The national flag carrier of Thailand, Thai Airways, is reportedly looking to buy between 20 and 30 aircraft in 2025, which is when it expects the aviation industry to have recovered. The plan is to refresh its fleet of aircraft with newer fuel-efficient planes as it recovers from the fallout brought about by the COVID-19 pandemic.
The cash-strapped airline recently reached an agreement with its lessors due to the carrier’s restructuring process. While the agreement is not binding and won’t come into force until the airline exits bankruptcy, most Thai Airways lessors have agreed to sign it. According to FlightGlobal, 15 lessors have exposure to Thai Airways to the tune of 40 aircraft.
The restructuring plan needs to be approved
Citing an unnamed source, Bangkok’s English daily newspaper The Nation claims that the airline expects the airline industry to fully recover from the pandemic by 2025.
According to The Nation, the news source said the following:
“The plan to buy new planes would be submitted to the Central Bankruptcy Court on March 2 along with THAI’s business rehabilitation plan, subject to approval by its creditors.”
In a move to try and survive the massive decline in revenue brought about by COVID-19 last November, Thai Airways decided to sell 34 passenger planes.
Thai Aircraft Trading currently lists the following 42 aircraft for sale:
- 10 x Boeing 747-400s
- 2 x Airbus A380-800s
- 12 x Boeing 777-200s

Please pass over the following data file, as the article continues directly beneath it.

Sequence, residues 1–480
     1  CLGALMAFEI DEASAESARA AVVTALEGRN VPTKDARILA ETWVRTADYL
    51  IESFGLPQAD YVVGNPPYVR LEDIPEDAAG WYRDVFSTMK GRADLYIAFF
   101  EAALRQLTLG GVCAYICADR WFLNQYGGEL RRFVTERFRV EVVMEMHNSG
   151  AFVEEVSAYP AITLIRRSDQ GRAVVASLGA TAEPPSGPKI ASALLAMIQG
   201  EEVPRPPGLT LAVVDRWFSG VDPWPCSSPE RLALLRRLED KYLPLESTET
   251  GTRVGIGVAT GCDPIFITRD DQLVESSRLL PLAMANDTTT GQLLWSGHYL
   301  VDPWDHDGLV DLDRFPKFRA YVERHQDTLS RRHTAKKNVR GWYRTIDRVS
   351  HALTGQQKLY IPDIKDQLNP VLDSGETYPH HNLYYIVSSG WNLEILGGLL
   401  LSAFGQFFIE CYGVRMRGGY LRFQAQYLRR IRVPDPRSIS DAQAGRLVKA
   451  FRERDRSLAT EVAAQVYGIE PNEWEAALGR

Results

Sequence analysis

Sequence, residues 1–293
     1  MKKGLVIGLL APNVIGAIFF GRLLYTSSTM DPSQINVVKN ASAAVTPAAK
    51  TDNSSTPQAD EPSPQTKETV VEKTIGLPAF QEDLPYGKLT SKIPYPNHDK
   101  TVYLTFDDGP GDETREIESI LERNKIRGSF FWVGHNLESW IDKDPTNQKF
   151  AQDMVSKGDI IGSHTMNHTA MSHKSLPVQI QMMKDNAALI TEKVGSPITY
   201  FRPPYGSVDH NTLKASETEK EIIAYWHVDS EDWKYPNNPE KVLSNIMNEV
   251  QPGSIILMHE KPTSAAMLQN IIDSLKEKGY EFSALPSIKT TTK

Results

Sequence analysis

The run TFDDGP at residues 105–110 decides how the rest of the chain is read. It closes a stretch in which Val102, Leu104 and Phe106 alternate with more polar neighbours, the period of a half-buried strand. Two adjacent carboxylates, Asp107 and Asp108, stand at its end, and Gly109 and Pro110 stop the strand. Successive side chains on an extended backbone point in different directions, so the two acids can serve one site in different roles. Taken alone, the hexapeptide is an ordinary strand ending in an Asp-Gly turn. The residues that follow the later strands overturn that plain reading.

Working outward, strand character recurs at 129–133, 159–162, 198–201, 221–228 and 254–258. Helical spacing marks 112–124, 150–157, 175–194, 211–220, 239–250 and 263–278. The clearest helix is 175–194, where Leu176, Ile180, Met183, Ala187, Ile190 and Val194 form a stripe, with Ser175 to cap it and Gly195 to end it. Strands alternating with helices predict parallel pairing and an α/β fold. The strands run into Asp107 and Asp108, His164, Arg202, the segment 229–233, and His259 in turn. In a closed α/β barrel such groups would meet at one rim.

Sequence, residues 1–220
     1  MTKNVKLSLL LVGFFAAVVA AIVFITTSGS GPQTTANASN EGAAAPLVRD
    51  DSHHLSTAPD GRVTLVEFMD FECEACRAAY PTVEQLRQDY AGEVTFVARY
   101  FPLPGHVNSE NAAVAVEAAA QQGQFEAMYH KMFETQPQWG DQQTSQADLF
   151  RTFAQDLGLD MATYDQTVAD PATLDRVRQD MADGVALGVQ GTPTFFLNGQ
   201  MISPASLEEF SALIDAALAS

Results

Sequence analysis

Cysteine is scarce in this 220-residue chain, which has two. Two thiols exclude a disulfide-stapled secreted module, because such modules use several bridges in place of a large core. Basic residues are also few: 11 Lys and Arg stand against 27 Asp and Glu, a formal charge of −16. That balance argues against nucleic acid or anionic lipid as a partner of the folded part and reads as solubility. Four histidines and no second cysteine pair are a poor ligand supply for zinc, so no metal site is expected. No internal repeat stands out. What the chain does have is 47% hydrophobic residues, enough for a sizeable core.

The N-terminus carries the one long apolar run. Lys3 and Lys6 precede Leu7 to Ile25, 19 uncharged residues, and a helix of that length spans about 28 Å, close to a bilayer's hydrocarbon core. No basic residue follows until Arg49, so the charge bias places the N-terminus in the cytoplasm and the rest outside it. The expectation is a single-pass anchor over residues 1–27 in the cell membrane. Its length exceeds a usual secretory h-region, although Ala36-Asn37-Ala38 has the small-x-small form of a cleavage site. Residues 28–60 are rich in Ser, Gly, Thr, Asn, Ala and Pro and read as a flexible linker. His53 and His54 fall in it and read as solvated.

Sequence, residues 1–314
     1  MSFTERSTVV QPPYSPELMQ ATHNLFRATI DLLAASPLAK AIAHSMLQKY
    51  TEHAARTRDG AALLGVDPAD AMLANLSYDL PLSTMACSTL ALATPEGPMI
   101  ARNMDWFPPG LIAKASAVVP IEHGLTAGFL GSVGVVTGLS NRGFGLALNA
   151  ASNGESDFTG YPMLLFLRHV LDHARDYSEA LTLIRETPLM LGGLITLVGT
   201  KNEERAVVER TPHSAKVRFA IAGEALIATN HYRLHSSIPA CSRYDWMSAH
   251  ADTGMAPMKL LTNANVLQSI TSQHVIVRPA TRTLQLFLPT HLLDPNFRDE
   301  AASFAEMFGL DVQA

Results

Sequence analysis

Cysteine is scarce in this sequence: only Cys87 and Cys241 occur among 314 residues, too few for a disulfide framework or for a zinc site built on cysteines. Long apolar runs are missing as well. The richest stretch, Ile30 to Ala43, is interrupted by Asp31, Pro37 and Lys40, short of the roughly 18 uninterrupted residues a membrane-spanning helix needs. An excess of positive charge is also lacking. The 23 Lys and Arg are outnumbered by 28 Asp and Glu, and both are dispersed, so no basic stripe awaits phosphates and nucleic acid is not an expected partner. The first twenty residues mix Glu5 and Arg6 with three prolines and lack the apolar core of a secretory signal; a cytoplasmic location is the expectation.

- 6 x Boeing 777-300s
- 3 x Airbus A340-500s
- 6 x Airbus A340-600s
- 1 x Airbus A300-600
- 2 x Boeing 737-400s
Thai Airways wants to spend $3 billion
Last July, Reuters reported a similar purchase plan suggesting Thai Airways was looking to buy $3 billion worth of new planes to replace older aircraft. According to Thai Airways acting president Usanee Sangsingkeo, the order would be for 13 widebody and 10 narrowbody jets. Most likely, Thai Airways will look to order Airbus A320neos for its regional subsidiary Thai Smile and next-generation widebody options for the parent airline such as the Airbus A350, Airbus A330neo, and the Boeing 787 Dreamliner.
Thailand relies heavily on tourism
While not profitable for many years, Thai Airways is a vital part of the country’s tourism industry, unlike many other state-owned carriers. Nearly 13% of Thailand’s GDP comes from tourism, and it has been virtually non-existent since the coronavirus outbreak and the closure of international borders. The bankruptcy court overseeing the re-structuring of Thai Airways is not pulling any punches, having already sold off much of the airlines’ assets in a bid to raise cash.
The court is also aware that Thai Airways is overstaffed and took the measure of offering early retirement to many Thai Airways employees while the airline has had most of its fleet grounded due to COVID-19. Sky News says that in a bid to get rid of some of the airlines’ top earners, the court announced on Friday that it was cutting 240 executive positions. It also said that supervisory levels would go from eight to five in a bid to improve efficiency.
Thai Airways must now submit its restructuring plan to the Central Bankruptcy Court on March 2nd before being voted on by creditors in May. With most Thai Airways lessors already backing the plan, it’s hard to imagine it not passing. The court has proven that it is willing to take all the necessary steps to make Thai Airways profitable, including the slashing of jobs.
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